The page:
Promoting Natchez’s rich cultural heritage

Published 4:41 pm Wednesday, August 24, 2022

A local man asked me about Visit Natchez and my work as the cultural heritage tourism manager. Specifically, he wanted to know what my job entailed. In a nutshell, I told him, I do a little bit of everything that’s related to the city’s cultural history. Then I gave him three things to consider, which I summarized as follows:

  1. I work with individuals and institutions to help them discover their story. This includes researching their rich cultural heritage.
  2. I assist them in telling their story. This includes writing, publication, and preservation.
  3. I assist them in promoting their story. Promotion, as we all know, is essential.

This list did not cover my entire job description, but it gave him an idea about the nature of my work. That said, I want to give a brief overview of some of the things I’ve done over the past year, beginning with the museums.

We’ve been working with The Rhythm Night Club Memorial Museum, The Dr. John Banks House, and the Natchez Museum of African American History & Culture aka NAPAC Museum. Last year, we assisted all three of them in writing grants that resulted in more than $30,000 being awarded by the Mississippi Humanities Council.

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I write press releases about Natchez history and cultural events on a regular basis. These press reports appear in local, regional, and sometimes national publications. Last December, I wrote a press release about the “Black Butterfly” exhibit at NAPAC Museum that was picked up by The Associated Press. As a result, the story went national. The same story later appeared in Today in Mississippi Magazine.

I also pitch ideas to national publications. Last year, for example, I sent a query letter about the Rhythm Night Club to Good Grit Magazine. The editor assigned me to write a 1,500-word article, which I did. It was published in the May 2022 issue of the magazine. In April this year, Bobby Dennis and I co-authored an article about NAPAC Museum for Arkansas Review journal.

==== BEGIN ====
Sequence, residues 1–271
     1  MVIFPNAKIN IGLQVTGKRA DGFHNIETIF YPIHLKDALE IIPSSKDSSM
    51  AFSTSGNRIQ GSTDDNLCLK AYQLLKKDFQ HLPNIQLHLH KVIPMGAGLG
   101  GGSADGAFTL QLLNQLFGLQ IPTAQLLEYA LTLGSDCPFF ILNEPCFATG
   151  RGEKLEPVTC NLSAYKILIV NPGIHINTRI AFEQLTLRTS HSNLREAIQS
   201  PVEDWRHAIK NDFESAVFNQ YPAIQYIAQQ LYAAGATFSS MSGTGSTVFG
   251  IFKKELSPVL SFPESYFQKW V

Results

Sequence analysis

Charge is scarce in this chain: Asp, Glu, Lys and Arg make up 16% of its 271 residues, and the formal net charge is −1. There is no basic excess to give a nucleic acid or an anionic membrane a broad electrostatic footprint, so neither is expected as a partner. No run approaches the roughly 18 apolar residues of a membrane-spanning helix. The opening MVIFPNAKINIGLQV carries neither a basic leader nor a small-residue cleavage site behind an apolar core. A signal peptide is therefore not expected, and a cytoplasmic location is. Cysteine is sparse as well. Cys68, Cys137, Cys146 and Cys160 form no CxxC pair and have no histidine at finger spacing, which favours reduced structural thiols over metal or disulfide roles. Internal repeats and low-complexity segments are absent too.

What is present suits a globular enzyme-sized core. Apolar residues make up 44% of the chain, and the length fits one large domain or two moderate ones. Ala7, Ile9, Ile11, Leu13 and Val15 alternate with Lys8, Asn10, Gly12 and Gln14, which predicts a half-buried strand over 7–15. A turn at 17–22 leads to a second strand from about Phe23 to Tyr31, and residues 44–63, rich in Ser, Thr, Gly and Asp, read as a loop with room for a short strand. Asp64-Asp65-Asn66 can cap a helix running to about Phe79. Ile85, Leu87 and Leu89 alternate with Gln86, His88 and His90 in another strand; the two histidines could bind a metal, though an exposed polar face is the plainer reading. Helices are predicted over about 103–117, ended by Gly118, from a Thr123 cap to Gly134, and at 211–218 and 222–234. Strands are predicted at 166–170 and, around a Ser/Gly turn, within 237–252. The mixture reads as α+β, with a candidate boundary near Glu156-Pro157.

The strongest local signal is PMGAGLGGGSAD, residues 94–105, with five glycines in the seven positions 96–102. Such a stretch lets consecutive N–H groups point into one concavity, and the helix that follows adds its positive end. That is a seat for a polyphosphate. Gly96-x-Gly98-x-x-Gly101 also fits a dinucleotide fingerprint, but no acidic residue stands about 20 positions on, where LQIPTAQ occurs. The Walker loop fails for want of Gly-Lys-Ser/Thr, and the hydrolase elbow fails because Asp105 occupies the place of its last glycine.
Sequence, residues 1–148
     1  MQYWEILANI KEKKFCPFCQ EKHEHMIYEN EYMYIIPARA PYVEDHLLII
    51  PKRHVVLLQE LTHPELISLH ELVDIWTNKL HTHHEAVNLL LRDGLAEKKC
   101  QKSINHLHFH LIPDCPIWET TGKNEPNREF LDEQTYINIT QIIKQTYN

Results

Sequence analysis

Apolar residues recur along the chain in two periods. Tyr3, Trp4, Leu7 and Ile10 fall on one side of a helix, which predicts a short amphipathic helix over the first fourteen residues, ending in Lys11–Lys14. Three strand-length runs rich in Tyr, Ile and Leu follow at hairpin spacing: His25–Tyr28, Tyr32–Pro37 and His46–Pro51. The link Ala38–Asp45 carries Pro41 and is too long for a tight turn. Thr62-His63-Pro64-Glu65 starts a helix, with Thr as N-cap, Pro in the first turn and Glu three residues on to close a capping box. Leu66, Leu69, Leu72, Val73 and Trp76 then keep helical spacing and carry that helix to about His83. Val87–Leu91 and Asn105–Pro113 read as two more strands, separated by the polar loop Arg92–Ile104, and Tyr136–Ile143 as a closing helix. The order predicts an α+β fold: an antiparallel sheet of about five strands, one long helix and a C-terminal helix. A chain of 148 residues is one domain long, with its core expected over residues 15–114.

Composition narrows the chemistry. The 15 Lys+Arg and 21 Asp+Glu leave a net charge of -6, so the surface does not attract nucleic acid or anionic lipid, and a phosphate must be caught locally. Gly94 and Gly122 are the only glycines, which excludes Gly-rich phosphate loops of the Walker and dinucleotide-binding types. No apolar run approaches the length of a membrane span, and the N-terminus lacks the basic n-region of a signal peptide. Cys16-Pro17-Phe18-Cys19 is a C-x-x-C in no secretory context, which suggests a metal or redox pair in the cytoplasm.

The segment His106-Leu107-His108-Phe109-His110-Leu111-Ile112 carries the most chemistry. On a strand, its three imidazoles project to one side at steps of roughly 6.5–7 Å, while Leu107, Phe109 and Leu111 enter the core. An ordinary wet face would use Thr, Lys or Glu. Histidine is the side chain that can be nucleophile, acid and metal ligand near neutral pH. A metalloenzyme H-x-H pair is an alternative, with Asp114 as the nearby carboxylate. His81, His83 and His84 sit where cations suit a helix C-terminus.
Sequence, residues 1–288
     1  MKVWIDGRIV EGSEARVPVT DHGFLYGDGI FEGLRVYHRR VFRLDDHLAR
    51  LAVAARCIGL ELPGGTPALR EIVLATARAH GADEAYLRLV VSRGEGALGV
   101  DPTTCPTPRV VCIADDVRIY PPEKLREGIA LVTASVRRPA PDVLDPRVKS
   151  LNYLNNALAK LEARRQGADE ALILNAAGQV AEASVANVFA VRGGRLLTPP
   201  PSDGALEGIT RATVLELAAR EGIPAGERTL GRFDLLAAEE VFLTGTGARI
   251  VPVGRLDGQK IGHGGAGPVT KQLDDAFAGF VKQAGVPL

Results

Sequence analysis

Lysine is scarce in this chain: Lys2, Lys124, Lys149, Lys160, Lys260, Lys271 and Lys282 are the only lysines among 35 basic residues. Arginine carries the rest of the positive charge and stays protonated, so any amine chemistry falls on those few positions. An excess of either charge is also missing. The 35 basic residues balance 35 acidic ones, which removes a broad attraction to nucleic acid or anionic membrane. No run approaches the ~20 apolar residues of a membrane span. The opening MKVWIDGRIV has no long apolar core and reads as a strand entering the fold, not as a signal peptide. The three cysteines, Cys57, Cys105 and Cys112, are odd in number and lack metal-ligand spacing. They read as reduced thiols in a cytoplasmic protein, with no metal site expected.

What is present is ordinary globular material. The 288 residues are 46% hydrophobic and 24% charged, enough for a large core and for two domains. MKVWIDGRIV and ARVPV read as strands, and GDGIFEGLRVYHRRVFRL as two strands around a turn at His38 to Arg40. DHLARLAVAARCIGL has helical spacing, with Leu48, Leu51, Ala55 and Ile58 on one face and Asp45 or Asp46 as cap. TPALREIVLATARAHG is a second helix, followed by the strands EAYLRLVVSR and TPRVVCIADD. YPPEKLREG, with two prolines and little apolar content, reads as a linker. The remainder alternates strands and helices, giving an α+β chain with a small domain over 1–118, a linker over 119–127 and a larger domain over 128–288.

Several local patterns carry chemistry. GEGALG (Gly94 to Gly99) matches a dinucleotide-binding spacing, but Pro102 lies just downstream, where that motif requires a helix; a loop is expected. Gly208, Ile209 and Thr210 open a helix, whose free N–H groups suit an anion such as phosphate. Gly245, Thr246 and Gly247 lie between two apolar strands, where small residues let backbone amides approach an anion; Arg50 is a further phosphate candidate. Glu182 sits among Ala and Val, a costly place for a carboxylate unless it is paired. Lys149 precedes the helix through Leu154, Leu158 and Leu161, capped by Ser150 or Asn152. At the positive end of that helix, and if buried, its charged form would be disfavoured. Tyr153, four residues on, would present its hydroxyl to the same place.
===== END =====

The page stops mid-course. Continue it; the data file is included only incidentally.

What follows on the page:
In my efforts to promote tourism, I also travel to pitch ideas to tourism professionals. Earlier this year, I attended the African American Tourism Conference in Topeka, Kansas. There, I got to speak with 40 contacts in the travel industry.

One exciting part of my job is community engagement through public speaking and volunteer work on various committees. I serve on the Natchez U.S. Colored Troops Monument Committee, where I chair the Marketing/PR Subcommittee. In this role, my team and I have produced press releases, created a Facebook group, designed a website, and assisted with fundraising projects.

Additionally, I’m part of the Natchez Civil Rights Trail Committee. And I’m happy to say that this committee succeeded in having Natchez listed on the Mississippi Freedom Trail and the U.S. Civil Rights Trail.

In sharing these milestones, I must admit that none of them would have been possible without the support of the Visit Natchez team and our partners.

In closing, I want to borrow a concept from Robert Fulghum, author of “All I Really Need to Know I Learned in Kindergarten.” In my case, I can honestly say that some of the things I know about tourism, I learned in my childhood. As a kid growing up in the Mississippi Delta, my friends and I would hunt for buried treasure. Whenever we found something of interest, we would call out to everybody and say, “Hey guys! Come see what I found.”

That is what I’m doing today. When I find a good story or an enchanting piece of history, I call out to people everywhere and say, “Come see what I found. Come and see what Natchez has to offer.”

Roscoe Barnes III, Ph.D., is the cultural heritage tourism manager for Visit Natchez.